Today, when most of us think about Venezuela, the former socialist President Hugo Chavez comes to mind. He led the nation from 2002 until his death in 2013. While initially a “populist” leader, he implemented a socialist revolution, fueled by massive oil revenues and made the country resemble an authoritarian state. After his death, President Nicolas Maduro succeeded him along with Juan Guaido, and the net result has been dismal. The South American country has been caught in a downward spiral for years with growing political discontent further fuelled by skyrocketing hyperinflation, power cuts, and shortages of food and medicine. More than 5.6 million Venezuelans have left the country in recent years. But in 1981, 40 years ago, when our 40th President came into office, Venezuela’s leader was an advocate of democracy. With a desire to solidify the relationship with this important South American ally, President Reagan held a state dinner in November 1981 for President Luis Herrera Campins and welcomed him to the White House.
1981 was a year of firsts: Ronald Reagan’s first year as President and the Space Shuttle’s first mission in April and second mission in November. From Space Shuttle Columbia’s first journey in 1981 to the last journey of Endeavour in June 2011 the Space Shuttle program inspired many Americans in many different ways. Today, we’re focused on the Space Shuttle Columbia, know as the First in the Fleet.
During the assassination attempt of President Reagan in March 1981, his Press Secretary James Brady was severely wounded and permanently disabled by Hinckley’s random shots. The wound left him with slurred speech and partial paralysis that required the full-time use of a wheelchair. Never able to return to work, President and Mrs. Reagan honored his contribution by renaming the Press Briefing Room as the Brady Press Briefing Room, 40 years ago on November 9th, 1981. In this podcast, we’ll learn about this remarkable man, James Brady, we’ll learn a little about the history of the White House Press Room and we’ll catch the President’s remarks with some fun banter from Mr. Brady and Mrs. Reagan, along with a few members of the press, like Sam Donaldson and Helen Thomas.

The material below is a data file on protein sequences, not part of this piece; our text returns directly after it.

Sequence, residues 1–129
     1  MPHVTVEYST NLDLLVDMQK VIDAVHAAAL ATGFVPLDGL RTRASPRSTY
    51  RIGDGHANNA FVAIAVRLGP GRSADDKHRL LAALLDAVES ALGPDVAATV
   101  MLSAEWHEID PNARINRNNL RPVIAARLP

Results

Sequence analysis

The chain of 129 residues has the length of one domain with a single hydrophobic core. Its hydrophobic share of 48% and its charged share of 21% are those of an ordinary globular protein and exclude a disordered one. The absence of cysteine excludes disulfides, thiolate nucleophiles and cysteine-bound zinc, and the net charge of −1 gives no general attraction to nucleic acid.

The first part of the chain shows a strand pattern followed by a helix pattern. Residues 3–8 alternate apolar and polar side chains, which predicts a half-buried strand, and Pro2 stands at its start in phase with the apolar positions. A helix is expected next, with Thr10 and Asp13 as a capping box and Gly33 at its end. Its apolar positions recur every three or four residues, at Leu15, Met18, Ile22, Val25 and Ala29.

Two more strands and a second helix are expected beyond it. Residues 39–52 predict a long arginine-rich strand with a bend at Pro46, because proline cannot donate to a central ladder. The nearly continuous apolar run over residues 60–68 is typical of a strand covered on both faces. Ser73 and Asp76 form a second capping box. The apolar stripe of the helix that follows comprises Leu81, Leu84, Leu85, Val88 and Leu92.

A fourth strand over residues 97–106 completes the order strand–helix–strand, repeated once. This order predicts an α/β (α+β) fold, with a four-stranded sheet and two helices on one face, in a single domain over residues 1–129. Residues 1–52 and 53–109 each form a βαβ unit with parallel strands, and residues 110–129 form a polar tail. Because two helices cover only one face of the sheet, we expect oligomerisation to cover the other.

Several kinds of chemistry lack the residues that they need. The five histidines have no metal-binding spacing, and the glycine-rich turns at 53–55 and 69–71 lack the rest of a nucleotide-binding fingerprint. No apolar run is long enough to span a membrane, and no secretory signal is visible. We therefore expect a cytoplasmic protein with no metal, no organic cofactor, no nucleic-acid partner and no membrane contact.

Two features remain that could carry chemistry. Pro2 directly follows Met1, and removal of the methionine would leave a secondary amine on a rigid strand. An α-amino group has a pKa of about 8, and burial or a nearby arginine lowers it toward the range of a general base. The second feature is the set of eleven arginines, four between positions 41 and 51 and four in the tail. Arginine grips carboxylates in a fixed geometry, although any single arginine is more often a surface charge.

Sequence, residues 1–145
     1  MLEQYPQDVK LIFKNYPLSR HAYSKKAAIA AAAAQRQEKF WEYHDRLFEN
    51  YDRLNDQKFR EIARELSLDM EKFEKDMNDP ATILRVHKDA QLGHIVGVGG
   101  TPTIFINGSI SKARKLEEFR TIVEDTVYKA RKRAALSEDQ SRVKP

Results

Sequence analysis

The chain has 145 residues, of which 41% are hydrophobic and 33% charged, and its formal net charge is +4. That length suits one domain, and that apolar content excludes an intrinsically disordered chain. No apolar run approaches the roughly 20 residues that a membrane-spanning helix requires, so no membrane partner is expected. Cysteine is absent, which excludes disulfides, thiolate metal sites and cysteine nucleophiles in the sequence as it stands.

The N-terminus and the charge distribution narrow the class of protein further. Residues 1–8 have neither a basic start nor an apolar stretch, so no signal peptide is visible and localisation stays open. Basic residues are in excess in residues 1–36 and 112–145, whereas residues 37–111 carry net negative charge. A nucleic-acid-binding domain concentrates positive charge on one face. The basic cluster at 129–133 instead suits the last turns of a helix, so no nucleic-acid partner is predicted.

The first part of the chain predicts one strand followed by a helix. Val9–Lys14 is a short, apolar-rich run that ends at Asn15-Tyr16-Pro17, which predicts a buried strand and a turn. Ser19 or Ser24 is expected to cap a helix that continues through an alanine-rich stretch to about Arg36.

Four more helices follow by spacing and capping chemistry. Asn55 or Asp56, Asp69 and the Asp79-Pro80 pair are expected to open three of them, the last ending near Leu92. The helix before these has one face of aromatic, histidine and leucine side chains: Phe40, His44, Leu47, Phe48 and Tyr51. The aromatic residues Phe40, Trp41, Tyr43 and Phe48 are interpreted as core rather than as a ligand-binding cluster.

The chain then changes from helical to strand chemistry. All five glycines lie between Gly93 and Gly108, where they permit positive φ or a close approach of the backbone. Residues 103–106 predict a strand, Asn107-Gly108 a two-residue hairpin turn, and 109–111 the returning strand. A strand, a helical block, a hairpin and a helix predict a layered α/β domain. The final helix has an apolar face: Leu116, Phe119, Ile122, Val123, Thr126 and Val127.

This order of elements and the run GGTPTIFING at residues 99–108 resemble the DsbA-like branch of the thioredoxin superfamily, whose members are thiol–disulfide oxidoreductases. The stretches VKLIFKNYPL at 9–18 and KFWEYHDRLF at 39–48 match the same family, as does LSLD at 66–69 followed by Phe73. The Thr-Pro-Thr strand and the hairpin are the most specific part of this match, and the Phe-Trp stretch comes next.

40 years ago this month, President Reagan was delighted to accept an award, presented to him at the 84th Annual Dinner of the Irish-American Society in New York City. He was introduced by Dr. Kevin Cahill, president of the Society, who presented the President with a medal representing the Society's highest award. Now of course, it’s an honor receive an award. But what the President truly enjoyed was a chance to celebrate his Irish heritage and tell a few stories himself.
So today the subject is Presidential Libraries because this month we’re celebrating the 30th anniversary of the Ronald Reagan Presidential Library. But wait, here’s a question for ya – who was the first President to have a Presidential Library by leaving his papers to the Federal Government? The answer is FDR who not only left his papers, but ultimately, his Hyde Park residence. So, that’s why we hear about George Washington’s or Thomas Jefferson’s or Lincoln’s papers in private collections because earlier, when a President left office, he just packed up the work product and went home. So, after FDR left his to the government, President Truman followed suit, leaving his papers to the government at which point Congress passed the Presidential Libraries Act, providing Federal Funding for the preservation of the work product of the White House.
When a President enters office, he inherits unfinished business from the prior administration. 40 years ago, one of the bits of dicey business he inherited was a promise made by President Carter to sell AWACS or Advance Radar Surveillance Aircraft to Saudi Arabia.